Among the many new notes introduced by Pope Francis, we now have evidence of his willingness to correct his own errors or imprecise statements – and quite openly, too – something not always seen in Rome’s handling of PR problems. That’s the contention, anyway, of noted Vaticanologist Sandro Magister, who’s pointed out three recent cases. Two relate to Catholic self-understanding, the third to Francis’s global view of the contemporary world.
The first two corrections dealt with the two interviews the pope gave this year, which raised questions about what, precisely, he meant to say.
Speaking with Italian journalist Eugenio Scalfari of the newspaper La Repubblica, Francis expressed what seemed a muddle about each person needing to follow his or her own vision of the Good. A very few of us in the Catholic commentariat maintained that he had indeed said such a thing, but couldn’t have meant it quite that way. That now seems to be the case. The Vatican took down the interview from its website, and both Scalfari and Vatican officials say it was a reconstruction with words that may not have been Francis’s own – and might be misleading.
Similarly – and of greater import – Francis corrected another “imprecision” in a widely distributed interview with La Civiltà Cattolica. He said that Vatican II had performed “a reinterpretation of the Gospel in the light of contemporary culture.” This phrase is often used by proponents of a “rupture” with the past at the Council. Francis has removed any ambiguity by publicly commending a scholar of the Council’s “continuity” with the past as the best interpreter, which is to say he’s in line with John Paul II and Benedict XVI.
This doesn’t fit the secular media’s narrative about Francis, so it’s barely been noticed outside Catholic outlets. But it should lay to rest earlier agitation over what seemed a casualness bordering, at times, on almost inconceivable concessions to current secular culture.
Robert Hugh Benson
I myself think a third recent assertion by Francis is quite earthshaking. Many have already convinced themselves that he’s some kind of progressive – against all the evidence from Argentina. He may have decided to tip his hand a bit more openly – and deftly.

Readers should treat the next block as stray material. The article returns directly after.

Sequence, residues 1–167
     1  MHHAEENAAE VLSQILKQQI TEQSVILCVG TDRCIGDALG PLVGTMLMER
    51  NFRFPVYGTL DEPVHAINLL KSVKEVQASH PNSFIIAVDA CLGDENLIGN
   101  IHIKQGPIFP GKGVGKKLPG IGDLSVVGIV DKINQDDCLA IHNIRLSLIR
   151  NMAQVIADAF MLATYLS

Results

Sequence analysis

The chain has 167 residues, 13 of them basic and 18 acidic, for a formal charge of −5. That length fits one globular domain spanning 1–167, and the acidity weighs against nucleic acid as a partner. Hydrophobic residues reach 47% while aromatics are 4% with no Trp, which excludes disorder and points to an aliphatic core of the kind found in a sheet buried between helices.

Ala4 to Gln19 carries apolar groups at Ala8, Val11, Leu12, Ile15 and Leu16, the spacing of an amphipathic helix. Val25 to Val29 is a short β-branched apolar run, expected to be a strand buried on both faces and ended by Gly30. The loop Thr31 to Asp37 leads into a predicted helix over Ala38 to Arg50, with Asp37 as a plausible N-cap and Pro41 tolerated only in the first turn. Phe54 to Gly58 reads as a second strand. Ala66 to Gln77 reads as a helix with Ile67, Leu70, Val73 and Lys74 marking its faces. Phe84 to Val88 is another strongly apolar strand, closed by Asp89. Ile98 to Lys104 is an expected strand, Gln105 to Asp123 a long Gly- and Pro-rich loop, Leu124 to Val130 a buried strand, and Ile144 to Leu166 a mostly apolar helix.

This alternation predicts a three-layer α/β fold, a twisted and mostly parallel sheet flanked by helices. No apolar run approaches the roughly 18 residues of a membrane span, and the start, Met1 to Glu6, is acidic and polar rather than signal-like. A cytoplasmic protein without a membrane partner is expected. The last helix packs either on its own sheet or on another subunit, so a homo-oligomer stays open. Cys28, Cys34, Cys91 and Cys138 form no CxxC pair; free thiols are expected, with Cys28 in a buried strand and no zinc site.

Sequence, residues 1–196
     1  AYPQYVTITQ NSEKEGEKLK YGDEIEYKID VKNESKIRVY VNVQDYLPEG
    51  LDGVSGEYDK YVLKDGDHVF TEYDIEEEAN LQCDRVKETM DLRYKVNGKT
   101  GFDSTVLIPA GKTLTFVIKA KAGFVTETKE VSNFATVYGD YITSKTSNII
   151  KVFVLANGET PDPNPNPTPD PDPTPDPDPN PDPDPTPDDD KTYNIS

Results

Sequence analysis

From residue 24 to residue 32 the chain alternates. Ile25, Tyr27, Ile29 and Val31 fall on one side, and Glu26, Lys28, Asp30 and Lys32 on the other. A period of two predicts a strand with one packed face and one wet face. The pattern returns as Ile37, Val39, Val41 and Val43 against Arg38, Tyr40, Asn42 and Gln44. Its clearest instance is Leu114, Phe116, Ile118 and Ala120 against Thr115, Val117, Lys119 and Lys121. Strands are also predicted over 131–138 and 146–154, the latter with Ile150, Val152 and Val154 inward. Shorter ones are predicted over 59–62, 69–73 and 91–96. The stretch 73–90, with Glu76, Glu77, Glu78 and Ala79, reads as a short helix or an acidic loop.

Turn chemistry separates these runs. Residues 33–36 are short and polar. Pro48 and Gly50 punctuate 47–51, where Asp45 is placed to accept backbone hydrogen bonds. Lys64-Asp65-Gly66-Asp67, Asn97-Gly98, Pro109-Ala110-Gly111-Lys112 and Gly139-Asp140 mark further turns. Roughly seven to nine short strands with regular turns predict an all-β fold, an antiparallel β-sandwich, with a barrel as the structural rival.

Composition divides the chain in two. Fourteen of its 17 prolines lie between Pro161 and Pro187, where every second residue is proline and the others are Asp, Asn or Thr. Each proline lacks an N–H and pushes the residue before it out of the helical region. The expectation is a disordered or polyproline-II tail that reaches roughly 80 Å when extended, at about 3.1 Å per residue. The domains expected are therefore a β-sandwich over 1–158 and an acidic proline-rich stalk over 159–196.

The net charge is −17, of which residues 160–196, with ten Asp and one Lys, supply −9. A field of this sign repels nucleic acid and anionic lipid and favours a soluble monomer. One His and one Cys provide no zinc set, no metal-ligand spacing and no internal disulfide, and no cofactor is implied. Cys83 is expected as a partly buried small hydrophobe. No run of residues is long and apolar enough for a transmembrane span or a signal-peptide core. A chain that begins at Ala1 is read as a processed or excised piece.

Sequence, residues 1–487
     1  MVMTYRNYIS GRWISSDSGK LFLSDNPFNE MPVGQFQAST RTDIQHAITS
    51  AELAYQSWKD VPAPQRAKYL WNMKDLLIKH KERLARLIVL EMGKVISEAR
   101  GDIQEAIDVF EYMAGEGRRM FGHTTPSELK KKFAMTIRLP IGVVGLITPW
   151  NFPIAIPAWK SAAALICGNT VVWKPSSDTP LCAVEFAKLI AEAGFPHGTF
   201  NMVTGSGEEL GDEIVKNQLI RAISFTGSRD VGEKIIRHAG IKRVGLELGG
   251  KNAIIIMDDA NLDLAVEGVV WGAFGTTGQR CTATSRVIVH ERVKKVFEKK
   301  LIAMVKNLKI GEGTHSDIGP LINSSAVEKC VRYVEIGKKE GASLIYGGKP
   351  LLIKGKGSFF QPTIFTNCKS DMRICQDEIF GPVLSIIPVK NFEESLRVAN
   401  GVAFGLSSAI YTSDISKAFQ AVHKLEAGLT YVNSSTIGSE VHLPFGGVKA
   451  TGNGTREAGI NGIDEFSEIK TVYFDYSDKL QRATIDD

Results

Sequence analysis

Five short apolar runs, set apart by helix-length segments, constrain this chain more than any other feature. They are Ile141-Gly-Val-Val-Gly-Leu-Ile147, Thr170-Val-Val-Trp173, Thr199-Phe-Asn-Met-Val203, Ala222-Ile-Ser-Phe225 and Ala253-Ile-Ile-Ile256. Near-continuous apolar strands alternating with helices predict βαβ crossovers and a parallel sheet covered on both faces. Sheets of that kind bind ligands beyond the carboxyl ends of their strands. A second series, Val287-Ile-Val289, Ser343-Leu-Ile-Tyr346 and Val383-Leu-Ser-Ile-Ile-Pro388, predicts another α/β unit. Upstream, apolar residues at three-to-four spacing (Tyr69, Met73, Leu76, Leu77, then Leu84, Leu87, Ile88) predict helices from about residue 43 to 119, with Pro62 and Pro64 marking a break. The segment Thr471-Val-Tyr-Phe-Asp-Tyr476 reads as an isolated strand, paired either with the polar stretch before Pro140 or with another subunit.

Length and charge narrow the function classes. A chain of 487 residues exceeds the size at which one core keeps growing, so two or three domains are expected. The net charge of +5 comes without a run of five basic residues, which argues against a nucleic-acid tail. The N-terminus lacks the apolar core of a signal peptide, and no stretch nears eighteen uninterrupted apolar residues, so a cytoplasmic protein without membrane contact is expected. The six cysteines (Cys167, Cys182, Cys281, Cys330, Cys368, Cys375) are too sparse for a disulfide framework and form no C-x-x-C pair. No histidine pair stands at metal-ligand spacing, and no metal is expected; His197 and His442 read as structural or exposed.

In a morning homily last week, he spoke of “adolescent progressivism” and quoted Robert Hugh Benson’s apocalyptic novel Lord of the World as having foreseen the “hegemonic uniformity,” a form of worldliness that was coming into being and which today, bears evil fruits in the culture of death.
This pope taught literature and mentions it frequently; he listens to opera, even the whole of Wagner’s massive Ring; and he has a cultural sophistication, over and above his commitment to humility and simplicity. The Benson reference is intriguing: has Francis been reading his story about a future dystopia – our own time – in the evenings after his duties are done for the day? (It’s worth recalling that Pope Benedict mentioned Benson’s novel more than once himself.)
Benson died in 1914, at only forty-three, but did much in his relatively brief life. His father was an Anglican bishop and an Archbishop of Canterbury. Benson was ordained an Anglican priest, but was powerfully drawn to Rome as the only real Christianity left. In 1904, he became a Catholic priest, whereupon he went back to his alma mater, Cambridge, and became famous as a Catholic apologist and convert-maker.
Lord of the World is a daring projection of where Benson thought things would be by the end of the twentieth century. Unlike Orwell’s 1984, he didn’t foresee crude totalitarianisms, like Nazism or Communism. He expected, at least in England, an insidious Humanism would dominate. One of his characters reflects:
There it stretched away into the grey haze of London, really beautiful, this vast hive of men and women who had learned at least the primary lesson of the gospel that there was no God but man, no priest but the politician, no prophet but the schoolmaster.
Political forces worked secretly for this triumph, notably the Freemasons, in Benson’s telling. Two currents, Materialism and Psychology, have been especially effective. The materialism is self-refuting, as all materialism is, for any thinking being – thinking not being a material process. But psychology comes to the rescue by portraying every impulse that contradicts “the primary lesson” as wishful thinking, sentimentality, weakness, compensation.
Meanwhile, under the new dispensation, Death still remains a challenge. When a volor (Benson anticipated regular commercial aviation) crashes in downtown London, a priest gives last rites to the few Catholics. But the more typical ministrations, deployed by government, are the “euthanatisers” sent to deliver the victims from their sufferings. Anyone dismayed at the bleak “rational” life in this world without transcendence can apply for a euthanasia permit.
All this is set within the larger story of Julian Felsenburgh, a political messiah who seems to be capable of reconciling the large blocs in the future world. But though he moves the masses to utter worship of him, no one seems to know anything about him. The peace he brings is no peace – he’s carrying out murders to impose “peace.” And, incapable of allowing the few pockets of religion left on earth to exist, he orders a massive air attack on Jerusalem, which leads to end of the world.
As in most stories of this kind, some elements are carried farther than we might think plausible. Or are they? Unlike Benson, we have sobering examples from the twentieth century of political messianisms that killed tens of millions – and half a billion babies aborted by our humane modern states. Compared to us, Benson’s anti-Christ was a piker.
The fact that Pope Francis is thinking along these lines, even if just in passing, reveals another surprising side of him. No doubt, we’ll hear more of that in the future.